International Business

Long-delayed Bahamas resort Baha Mar will begin receiving paying guests soon

The Grand Hyatt Baha Mar, which is slated to begin accepting paying guests on May 8, has 1,800 rooms. Shown are the east and west towers.
The Grand Hyatt Baha Mar, which is slated to begin accepting paying guests on May 8, has 1,800 rooms. Shown are the east and west towers. Baha Mar

The third time wasn’t the charm for the star-crossed Bahamian mega-resort Baha Mar. Originally slated to open in December 2014, the resort missed three scheduled openings before the April 21 ribbon-cutting for the first hotel in the complex, the Grand Hyatt Baha Mar, and a 100,000-square-foot casino.

Prime Minister Perry Christie, who participated in snipping the blue ribbon marking the soft opening of the first phase of the 1,000-acre Baha Mar complex, said this time the launch isn’t a “mirage.”

Currently 300 rooms in the 1,800-room Grand Hyatt Baha Mar are open for previews and invited guests. An 18-hole Jack Nicklaus Signature golf course, the casino, which features 1,140 slot machines and 119 gaming tables, an ESPA spa and some shops and restaurants are also open, but the Grand Hyatt won’t begin receiving paying guests until May 8. The convention center at the property has been completed for some time.

At the ribbon-cutting, the hotel announced it would be accepting reservations for stays beginning May 29, but last week it allowed guests to make reservations for arrival on May 8 — two days before the Bahamas general election.

Rates at the Grand Hyatt, including taxes and fees, begin at more than $440 a night. The next hotel scheduled to open at the resort on Cable Beach is the SLS Baha Mar in the fall. The luxury Rosewood Baha Mar with 185 rooms and five beachfront villas is expected to open in the spring of 2018.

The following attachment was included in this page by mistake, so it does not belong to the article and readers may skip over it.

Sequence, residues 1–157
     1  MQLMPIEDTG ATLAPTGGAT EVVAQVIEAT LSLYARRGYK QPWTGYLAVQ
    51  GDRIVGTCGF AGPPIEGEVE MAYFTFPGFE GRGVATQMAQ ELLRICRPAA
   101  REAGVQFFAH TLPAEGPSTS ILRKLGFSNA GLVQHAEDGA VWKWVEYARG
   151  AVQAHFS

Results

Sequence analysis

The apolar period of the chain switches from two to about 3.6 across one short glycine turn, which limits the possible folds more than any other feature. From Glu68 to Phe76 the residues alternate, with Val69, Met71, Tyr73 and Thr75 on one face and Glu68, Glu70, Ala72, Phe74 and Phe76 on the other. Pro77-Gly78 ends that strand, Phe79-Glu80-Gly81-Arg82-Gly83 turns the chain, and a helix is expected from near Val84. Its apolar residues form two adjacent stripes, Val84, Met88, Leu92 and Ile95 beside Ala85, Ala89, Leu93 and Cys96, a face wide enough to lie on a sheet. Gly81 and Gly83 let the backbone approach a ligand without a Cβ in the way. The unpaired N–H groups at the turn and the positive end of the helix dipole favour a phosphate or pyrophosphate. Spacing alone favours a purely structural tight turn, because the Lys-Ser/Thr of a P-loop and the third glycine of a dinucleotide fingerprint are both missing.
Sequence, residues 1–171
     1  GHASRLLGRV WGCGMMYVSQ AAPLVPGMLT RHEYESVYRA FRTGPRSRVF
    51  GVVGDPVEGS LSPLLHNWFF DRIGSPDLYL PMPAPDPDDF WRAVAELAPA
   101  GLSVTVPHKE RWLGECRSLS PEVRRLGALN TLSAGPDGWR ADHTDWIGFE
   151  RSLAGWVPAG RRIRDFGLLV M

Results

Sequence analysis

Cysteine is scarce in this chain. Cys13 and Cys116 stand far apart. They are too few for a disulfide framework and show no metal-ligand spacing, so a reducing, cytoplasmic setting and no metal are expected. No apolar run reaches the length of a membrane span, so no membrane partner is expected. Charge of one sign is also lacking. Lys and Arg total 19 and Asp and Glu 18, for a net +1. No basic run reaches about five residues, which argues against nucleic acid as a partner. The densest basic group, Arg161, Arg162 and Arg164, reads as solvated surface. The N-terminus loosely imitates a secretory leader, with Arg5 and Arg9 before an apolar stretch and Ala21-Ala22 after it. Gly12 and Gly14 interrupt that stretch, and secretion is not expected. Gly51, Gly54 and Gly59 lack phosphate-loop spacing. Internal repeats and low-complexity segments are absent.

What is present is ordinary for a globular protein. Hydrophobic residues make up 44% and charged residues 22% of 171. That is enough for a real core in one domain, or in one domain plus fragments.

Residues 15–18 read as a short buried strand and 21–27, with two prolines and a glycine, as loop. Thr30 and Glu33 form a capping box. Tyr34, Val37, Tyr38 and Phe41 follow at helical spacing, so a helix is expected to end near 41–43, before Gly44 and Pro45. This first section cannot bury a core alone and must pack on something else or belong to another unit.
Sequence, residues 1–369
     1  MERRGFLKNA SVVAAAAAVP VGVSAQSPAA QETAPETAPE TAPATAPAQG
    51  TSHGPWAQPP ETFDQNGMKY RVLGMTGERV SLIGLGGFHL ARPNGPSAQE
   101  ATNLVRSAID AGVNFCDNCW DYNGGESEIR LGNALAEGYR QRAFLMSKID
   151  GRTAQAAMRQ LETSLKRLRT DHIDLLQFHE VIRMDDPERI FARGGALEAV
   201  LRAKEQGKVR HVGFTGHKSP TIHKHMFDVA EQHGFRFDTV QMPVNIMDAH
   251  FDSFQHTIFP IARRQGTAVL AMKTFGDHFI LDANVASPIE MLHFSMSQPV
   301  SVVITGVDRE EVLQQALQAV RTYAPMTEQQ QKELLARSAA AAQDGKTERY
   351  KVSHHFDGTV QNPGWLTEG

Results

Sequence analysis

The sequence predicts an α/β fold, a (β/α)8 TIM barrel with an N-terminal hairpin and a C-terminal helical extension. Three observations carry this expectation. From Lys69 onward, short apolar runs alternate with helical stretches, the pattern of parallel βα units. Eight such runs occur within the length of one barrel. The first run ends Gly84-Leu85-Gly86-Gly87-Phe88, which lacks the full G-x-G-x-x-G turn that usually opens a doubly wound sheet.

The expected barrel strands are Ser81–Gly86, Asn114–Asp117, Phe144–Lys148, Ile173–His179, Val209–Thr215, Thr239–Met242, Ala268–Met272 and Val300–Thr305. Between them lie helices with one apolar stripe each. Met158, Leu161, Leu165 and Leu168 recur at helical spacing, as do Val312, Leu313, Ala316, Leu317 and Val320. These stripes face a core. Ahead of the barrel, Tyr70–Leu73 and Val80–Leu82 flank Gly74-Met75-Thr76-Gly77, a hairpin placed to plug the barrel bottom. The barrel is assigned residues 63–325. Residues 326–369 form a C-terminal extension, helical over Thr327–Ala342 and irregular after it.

“Baha Mar’s opening is not a mirage. It is real and it is the most significant economic development event ever to occur in a single phase within the Bahamas and the Caribbean,” Christie said at the ribbon-cutting. Although Baha Mar, which had an initial price tag of $3.5 billion, was conceived as a single-phase development, it appears that with staggered openings for various facilities that is no longer the case.

And coming so close to the election, some Bahamians are calling the ribbon-cutting a “sham opening.”

Getting the Nassau complex, which was built with the help of Chinese financing and more than 4,000 Chinese construction laborers, open has been a priority for Christie’s government.

But since the Feb. 11, 2011, ground-breaking for the project, Baha Mar has been plagued by problems. Not only did it miss three previous opening dates — the most recent in May 2015 after it had been accepting reservations for weeks — but it also has faced a bankruptcy filing and protracted legal wrangling. The developer blamed China Construction America for missing construction deadlines; CCA countered that it wasn’t responsible for the delays and blamed the developer for mismanagement.

Some 2,000 workers who had been hired for the resort were terminated in October 2015. Although the Bahamian workers were eventually compensated for wages due, severance and other benefits, a group of former foreign workers at the resort say they still haven’t received anything.

Baha Mar Ltd. and original developer Sarkis Izmirlian eventually lost control of Baha Mar and Hong Kong-based Chow Tai Fook Enterprises, a conglomerate with interests in the hotel, casino, jewelry, property development, transportation, port and telecom industries, signed an agreement to own and operate Baha Mar. Its jewelry group with a market capitalization of more than $8 billion is one of the largest jewelry retailers in the world.

“CTFE will dedicate significant, ongoing investment and resources towards the pre-opening and opening of Baha Mar Resort,” said Graeme Davis, president of Chow Tai Fook’s Bahamas subsidiary. “We will also ensure that the Bahamian people and the region benefit fully from the project, which will create tremendous job and economic stimulus opportunities.”

This week he told The Tribune, a Nassau newspaper, that CTFE had hired 1,600 workers and that hiring was continuing.

When Baha Mar is fully operational, Christie said it is expected to have a direct economic impact of $700 million a year, fill an additional 315,000 air passenger seats annually and revitalize Bahamian tourism. From January to September 2016, the Bahamas reported 1.2 million visitors.

As Baha Mar prepares to open, Atlantis — the Paradise Island resort that features the world’s largest marine habitat — plans to take on the competition with a new advertising campaign and music video featuring Bahamian groups. The new campaign launches May 8.

Follow Mimi Whitefield on Twitter: @HeraldMimi